Thanks for your kind offer. The organization I work for has a dedicated development department that already does a significant amount of grant writing and fundraising. In addition to the clay studio, we have community printing, photo and digital media studios that offer monthly rental and classes like the clay studio, a painting studio, several contemporary art galleries and an art sales and leasing program. Some of these programs generate a significant amount of revenue while others are supported by the successes of the stronger programs. We are a division of the City of Burlington, Vermont and also hold federal non-profit status. The city supports us through administrative costs like payroll and employee benefits and through providing us the space to exist, but we are responsible for a little over 80% of our annual budget. Check us out online at www.BurlingtonCityArts.com, and if you're ever in Burlington, Vermont stop in and say hi!
My initial question about bringing the clay back to life had much more to do with effort than dollars. I'm not suggesting being wasteful or that we don't have a budget to stick to, but at the point the clay is "dead" we've already sold it to our patrons at least once (in the form of fresh, bagged Laguna clay), if not several times (as reclaim). If there was an easy solution like adding some ball clay, I would have gone that route. But given the testing required for essentially making a new clay body would have been far more expensive and time consuming than just starting fresh.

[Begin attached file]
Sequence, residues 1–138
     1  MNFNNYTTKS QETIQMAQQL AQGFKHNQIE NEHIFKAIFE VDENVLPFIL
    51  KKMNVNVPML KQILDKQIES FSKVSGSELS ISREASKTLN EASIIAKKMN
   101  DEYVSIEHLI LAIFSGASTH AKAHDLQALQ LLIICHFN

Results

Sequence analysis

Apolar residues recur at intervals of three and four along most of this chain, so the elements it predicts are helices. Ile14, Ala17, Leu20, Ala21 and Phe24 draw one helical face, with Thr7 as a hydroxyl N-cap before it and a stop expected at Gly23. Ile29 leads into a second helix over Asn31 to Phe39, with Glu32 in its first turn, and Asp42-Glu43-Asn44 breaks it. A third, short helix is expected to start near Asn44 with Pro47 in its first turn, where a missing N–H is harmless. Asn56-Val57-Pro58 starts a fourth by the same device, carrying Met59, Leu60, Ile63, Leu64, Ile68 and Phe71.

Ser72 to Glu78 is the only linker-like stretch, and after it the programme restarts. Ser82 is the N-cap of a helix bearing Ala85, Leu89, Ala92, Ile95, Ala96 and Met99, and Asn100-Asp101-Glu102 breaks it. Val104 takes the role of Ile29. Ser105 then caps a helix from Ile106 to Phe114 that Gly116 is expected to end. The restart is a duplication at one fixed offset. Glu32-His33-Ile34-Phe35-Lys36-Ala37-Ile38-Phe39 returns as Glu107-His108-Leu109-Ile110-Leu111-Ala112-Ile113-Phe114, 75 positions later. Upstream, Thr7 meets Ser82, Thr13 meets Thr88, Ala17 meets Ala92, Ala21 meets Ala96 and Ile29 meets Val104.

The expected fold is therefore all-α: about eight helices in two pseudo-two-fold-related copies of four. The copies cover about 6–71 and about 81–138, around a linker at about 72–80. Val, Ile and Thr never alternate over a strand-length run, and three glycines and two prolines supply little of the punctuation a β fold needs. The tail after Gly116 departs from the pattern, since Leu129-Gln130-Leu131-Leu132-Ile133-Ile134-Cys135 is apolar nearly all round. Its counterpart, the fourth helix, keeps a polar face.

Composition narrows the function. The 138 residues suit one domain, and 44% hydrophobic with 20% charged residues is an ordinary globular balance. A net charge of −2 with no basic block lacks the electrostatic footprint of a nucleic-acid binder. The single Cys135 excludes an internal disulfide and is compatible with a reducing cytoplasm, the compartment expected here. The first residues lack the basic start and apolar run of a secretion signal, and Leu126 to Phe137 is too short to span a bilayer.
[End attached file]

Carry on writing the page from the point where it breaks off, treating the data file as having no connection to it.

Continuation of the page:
We slaked down about 500lbs of trimming scraps (thrown only once) last week and pugged the first of it this past weekend. Our afterschool instructors have been very happy this week, as the clay is elastic and the kids are having success on the wheels. Sometimes a fresh start is in order.